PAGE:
Reassembly of 89Zr-Labeled Cancer Cell Membranes into Multicompartment Membrane-Derived Liposomes for PET-Trackable Tumor-Targeted Theranostics

Bo Yu, Shreya Goel, Dalong Ni, Paul A. Ellison, Cerise M. Siamof, Dawei Jiang, Liang Cheng, Lei Kang, Faquan Yu, Zhuang Liu, Todd E. Barnhart, Qianjun He*, Han Zhang, Weibo Cai

*Corresponding author for this work

Research output: Contribution to journalArticlepeer-review

62 Scopus citations


Nanoengineering of cell membranes holds great potential to revolutionize tumor-targeted theranostics, owing to their innate biocompatibility and ability to escape from the immune and reticuloendothelial systems. However, tailoring and integrating cell membranes with drug and imaging agents into one versatile nanoparticle are still challenging. Here, multicompartment membrane-derived liposomes (MCLs) are developed by reassembling cancer cell membranes with Tween-80, and are used to conjugate 89Zr via deferoxamine chelator and load tetrakis(4-carboxyphenyl) porphyrin for in vivo noninvasive quantitative tracing by positron emission tomography imaging and photodynamic therapy (PDT), respectively. Radiolabeled constructs, 89Zr-Df-MCLs, demonstrate excellent radiochemical stability in vivo, target 4T1 tumors by the enhanced permeability and retention effect, and are retained long-term for efficient and effective PDT while clearing gradually from the reticuloendothelial system via hepatobiliary excretion. Toxicity evaluation confirms that the MCLs do not impose acute or chronic toxicity in intravenously injected mice. Additionally, 89Zr-labeled MCLs can execute rapid and highly sensitive lymph node mapping, even for deep-seated sentinel lymph nodes. The as-developed cell membrane reassembling route to MCLs could be extended to other cell types, providing a versatile platform for disease theranostics by facilely and efficiently integrating various multifunctional agents.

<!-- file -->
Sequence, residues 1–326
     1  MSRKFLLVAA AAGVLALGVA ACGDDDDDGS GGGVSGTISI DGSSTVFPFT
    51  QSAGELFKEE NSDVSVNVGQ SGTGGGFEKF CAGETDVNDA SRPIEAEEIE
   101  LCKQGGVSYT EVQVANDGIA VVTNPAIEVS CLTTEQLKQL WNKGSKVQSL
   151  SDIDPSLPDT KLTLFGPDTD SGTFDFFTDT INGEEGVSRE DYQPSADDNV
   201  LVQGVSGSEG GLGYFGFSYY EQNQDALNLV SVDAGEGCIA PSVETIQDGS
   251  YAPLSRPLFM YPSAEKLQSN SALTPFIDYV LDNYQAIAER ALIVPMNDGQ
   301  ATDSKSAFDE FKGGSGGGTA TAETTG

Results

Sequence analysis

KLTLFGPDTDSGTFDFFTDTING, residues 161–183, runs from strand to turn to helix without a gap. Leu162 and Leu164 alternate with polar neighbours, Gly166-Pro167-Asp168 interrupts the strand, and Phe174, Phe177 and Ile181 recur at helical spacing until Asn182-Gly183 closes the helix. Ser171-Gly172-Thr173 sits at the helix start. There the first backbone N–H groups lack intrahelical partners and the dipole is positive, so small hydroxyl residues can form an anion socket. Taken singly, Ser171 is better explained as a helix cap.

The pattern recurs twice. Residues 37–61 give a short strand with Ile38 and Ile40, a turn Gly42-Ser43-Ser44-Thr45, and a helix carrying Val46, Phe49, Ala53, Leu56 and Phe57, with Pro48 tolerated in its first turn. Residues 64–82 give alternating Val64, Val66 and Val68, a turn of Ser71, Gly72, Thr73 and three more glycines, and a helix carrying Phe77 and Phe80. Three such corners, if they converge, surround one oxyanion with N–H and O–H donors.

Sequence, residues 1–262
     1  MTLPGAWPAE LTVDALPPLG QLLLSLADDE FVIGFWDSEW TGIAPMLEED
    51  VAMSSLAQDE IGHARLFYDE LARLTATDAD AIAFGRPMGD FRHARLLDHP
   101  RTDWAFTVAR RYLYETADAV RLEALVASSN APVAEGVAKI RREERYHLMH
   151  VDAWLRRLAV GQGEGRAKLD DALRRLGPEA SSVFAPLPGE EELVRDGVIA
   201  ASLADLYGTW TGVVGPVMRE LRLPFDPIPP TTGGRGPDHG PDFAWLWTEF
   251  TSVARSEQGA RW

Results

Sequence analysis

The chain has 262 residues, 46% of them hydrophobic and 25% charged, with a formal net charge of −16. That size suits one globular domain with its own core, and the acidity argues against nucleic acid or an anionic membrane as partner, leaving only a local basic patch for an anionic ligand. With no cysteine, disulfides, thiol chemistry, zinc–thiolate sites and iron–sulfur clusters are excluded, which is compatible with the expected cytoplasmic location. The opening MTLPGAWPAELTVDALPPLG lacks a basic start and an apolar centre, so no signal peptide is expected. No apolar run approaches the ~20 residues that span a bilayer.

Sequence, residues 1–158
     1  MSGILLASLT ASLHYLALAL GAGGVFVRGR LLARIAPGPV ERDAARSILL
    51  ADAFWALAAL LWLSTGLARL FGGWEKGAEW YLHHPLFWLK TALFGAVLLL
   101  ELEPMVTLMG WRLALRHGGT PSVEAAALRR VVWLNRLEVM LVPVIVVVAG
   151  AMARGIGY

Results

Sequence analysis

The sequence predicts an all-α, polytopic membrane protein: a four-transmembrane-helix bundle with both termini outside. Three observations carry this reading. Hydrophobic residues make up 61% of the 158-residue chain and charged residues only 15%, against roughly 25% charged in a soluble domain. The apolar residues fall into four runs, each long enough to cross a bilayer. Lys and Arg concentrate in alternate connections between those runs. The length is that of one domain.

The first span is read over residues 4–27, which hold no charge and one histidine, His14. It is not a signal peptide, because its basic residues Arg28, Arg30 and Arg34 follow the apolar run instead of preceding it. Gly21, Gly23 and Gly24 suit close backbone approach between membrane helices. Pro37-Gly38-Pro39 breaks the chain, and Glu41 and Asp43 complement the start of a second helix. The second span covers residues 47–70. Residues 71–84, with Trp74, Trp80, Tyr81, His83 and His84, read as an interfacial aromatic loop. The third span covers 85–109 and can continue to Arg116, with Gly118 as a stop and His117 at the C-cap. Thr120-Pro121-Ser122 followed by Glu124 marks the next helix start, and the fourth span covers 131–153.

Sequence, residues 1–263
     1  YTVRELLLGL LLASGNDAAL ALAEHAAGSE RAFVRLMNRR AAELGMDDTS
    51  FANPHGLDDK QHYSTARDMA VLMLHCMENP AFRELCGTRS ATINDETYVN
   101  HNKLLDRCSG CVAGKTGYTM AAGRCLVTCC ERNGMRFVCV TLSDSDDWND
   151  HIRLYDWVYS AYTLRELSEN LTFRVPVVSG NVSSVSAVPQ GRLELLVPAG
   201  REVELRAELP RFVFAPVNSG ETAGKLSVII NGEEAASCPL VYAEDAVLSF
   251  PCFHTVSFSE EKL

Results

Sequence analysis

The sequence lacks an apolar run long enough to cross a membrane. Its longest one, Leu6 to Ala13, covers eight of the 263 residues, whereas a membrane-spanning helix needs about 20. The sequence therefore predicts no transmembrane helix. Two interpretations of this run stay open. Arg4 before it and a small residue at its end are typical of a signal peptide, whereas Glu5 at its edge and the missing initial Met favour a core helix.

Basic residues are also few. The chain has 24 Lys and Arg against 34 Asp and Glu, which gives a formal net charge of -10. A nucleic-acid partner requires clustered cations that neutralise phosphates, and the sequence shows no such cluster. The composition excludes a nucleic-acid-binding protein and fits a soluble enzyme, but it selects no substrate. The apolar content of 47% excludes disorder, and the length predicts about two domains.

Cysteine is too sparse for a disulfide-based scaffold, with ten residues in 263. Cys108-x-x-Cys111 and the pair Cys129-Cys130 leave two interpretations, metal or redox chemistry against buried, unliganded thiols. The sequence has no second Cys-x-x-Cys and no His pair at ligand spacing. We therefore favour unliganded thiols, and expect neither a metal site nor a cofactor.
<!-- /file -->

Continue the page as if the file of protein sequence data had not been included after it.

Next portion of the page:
Original languageEnglish (US)
Article number1704934
JournalAdvanced Materials
Issue number13
StatePublished - Mar 27 2018


  • cancer cell membranes
  • cancer theranostics
  • membrane-derived liposomes
  • positron emission tomography
  • targeted drug delivery

ASJC Scopus subject areas

  • Materials Science(all)
  • Mechanics of Materials
  • Mechanical Engineering


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